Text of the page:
Tales of loathsome tyrants and prophesied saviors aren't nearly so appealing when you are a royal bastard with a prophecy hanging over your head.


A few days later, Prince Aidan laughs at me. "Oh, don't be silly! Elves never get sick."

"They do, too!" I insist, automatically scanning the courtyard for gryphons. I shiver in memory of their grotesque bulbous bodies, harsh cough-cawing and awkward flight. They can siphon, pulling the life energy from the victim's body. …At least, Father's gryphons can.

"Elves are designed for living in harsh climates."

My brown shawl provides more warmth as I wrap it closer about me, sitting on the fountain's rim. "Doesn't mean they have to like it, or that they can't get sick." I sniffle. My body aches; my head throbs.

I've healed enough to move about, but with the cold I caught from the night harvesting linashor, Silva won't hear of me working again yet. She's still angry about the time Prince Aidan had to order me back to bed. Silva's friend Lallie often 'forgets' a basket of mending in my room when she checks on me, so I've worked on that when I can. Lallie's careful to keep it nearly empty so Ygraine or Silva don't notice.

Prince Aidan scoffs, "Elves get sick, my foot!"

"They—" I sneeze, catching myself on the rim of the fountain so I don't fall in "—get colds!"

"Elves get colds? Next thing I know, you'll be telling me they suffer from plagues and mage-curses just like the rest of us!"

"They do," I quietly protest and sniffle, but he isn't listening. He's rolling on the stones, laughing while destroying yet another tunic from his thoughtless actions. "Your Highness…"

"What?" His cross look speaks volumes. I flinch. "Don't you ever laugh?"

I don't understand the question. "Should you be mussing your garment?" I ask instead of thinking about how to answer something I don't know. I sneeze again.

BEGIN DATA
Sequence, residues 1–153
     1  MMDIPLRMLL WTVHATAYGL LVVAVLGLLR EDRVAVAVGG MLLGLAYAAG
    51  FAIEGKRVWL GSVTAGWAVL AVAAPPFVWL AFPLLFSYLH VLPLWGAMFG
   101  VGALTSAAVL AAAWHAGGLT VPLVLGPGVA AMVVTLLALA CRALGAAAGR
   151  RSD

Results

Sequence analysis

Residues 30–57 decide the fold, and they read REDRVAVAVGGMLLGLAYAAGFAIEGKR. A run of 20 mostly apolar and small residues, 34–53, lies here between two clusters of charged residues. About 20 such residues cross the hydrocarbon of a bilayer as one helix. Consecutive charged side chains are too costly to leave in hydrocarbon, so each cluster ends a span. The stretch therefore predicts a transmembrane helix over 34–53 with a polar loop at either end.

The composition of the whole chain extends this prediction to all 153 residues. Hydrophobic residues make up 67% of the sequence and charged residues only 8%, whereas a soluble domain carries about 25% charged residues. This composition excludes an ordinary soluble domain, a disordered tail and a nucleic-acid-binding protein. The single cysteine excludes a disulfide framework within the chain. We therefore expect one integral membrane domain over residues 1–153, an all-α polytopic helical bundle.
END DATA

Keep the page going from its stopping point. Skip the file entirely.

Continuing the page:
"Mussing? Mussing?" Prince Aidan looks at his garb, the dirt and rips; it's beyond mending. He grins and climbs up the statue. His mother would have a fit to see him there.

His mother would have a greater fit to watch him leap off the statue in a somersault and land on his feet. My own stomach leaps into my throat at the sight. "Your Highness!"

"Bah!" He grins at my blanched expression. "I made sure to learn that with Kitra there to make her wind catch me if I fell." He grabs a stick off the ground and attacks the statue with some weirdly graceful moves. "On guard, ah!" He trips and lands facefirst in the fountain, but he still grins after he sputters the water out. "Not quite how that was supposed to go."

I daresay not.

He shoves himself up and resumes his play. "You won't see Hickory using that!" he says after one move that evidently involves shoving one's elbow into the torso of the stone statue. "He thinks he's the best swordsman among we heirs. Gives him a head the size of a summer watermelon, but he doesn't think me much of a threat."

Prince Aidan bends over, picks a stone from the fountain, and flings it at the apple tree. I flinch as it strikes the trunk dead center. "Shows how much he knows," the prince says, and he climbs out of the fountain.

I cringe away from him. He's determined that I know he isn't as foolish as he pretends around the other heirs, but why? What does it matter, what a foreign king's bastard thinks of him? I sniffle, avoiding another sneeze.

"Come on; it's getting dark. Let's get some more garlic from Cook for you."

Accepting his help to stand, I flex my bare toes, curling them around the plant covering the ground. I sigh. I don't care for grass. I prefer moss. Mother did, too.


  1. Loving it! But... "I made sure to learn that with Kitra there make her wind catch me if I fell." seems to be missing something. And not an error, but maybe "face-first", rather than "facefirst"? That may be a UK thing, though :)

  2. This comment has been removed by the author.

  3. Okay, I was wrong—there is a grammar error in that, as was just pointed out to me on IM. Missing "to" from the sentence; Scylax gets her credit!

    Scylax: 3/7

    Ty! ^_^


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